Cup of Dcaf: Themes and Subtlety in Sci-Fi/Fantasy

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This has been on my mind a lot lately. It’s pretty much par for the course that good SFF has more than just a basic story going on. The ability to construct new worlds, cultures, and environments gives authors an unparalleled ability to comment on things in our own world in a more nuanced, and if done well, more effective manner. This can cover things like racial topics, economic issues, religion, military strategy and policy…you name it. If it’s an issue in our world, it’s probably been written about.

But when you break it down, some books (and TV shows or movies) handle this much better than others. As a writer of fantasy, and especially All Flames Cast—which deals with religion and politics as central themes—this intrigues me, and I wanted to pay a little more attention to things like this. I wanted to figure out why this is, and what makes certain books more effective than others. TV comes into it a bit as well, though I don’t watch very much TV.

What I have seen is that it all comes down to subtlety. In narratives that shove their themes right in your face, it can be both distracting from the story and aggravating. However, when the ideas are woven seamlessly into the story, growing and being explored naturally as a result of the plot and the characters’ growth, it tends to work much better all around.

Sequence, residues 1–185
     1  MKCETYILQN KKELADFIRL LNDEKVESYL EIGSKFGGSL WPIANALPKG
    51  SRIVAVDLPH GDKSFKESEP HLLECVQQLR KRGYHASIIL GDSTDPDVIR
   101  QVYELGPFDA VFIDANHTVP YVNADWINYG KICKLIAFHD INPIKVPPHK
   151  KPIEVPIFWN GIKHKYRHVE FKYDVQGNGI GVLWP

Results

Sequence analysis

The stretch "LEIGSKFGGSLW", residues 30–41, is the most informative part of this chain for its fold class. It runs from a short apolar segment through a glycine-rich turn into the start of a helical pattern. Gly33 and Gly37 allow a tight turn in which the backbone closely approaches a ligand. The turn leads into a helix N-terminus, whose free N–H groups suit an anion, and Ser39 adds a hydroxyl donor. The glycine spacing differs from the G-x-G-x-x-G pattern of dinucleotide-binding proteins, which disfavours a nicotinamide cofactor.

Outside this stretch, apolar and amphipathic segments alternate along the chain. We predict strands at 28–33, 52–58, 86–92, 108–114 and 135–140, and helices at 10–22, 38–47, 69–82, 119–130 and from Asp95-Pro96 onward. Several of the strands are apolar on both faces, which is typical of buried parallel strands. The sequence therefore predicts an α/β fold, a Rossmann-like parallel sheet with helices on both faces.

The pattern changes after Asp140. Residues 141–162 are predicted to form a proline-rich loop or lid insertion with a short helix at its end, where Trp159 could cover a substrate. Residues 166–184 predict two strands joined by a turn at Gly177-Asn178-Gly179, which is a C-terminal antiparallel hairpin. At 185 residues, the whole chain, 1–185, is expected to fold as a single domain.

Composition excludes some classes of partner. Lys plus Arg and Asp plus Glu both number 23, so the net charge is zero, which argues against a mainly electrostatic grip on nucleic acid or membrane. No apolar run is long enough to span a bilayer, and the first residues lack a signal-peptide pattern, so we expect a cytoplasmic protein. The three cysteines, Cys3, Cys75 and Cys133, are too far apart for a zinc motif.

A great example of this is Stephen R. Donaldson’s Gap Cycle. When you read the opening pages of the first book, The Real Story, things seem to be pretty nicely laid out: space pirates and a damsel in distress, set against the backdrop of humanity’s future amongst the stars. Before that book is even finished, however, the game has changed and major thematic elements of corporate power, military force and foreign threats, and the very personal way this can effect a person are all tied inextricably into the plot. It isn’t shoved in your face through awkward exposition or blatant plotting; rather, Donaldson has these themes slowly develop with each page, supported by his characters choices and the growing complexity of events.

This is the key, I think, to working social commentary into fiction. It has to be an organic outgrowth of the story rather than a forced explication with a story built around it.

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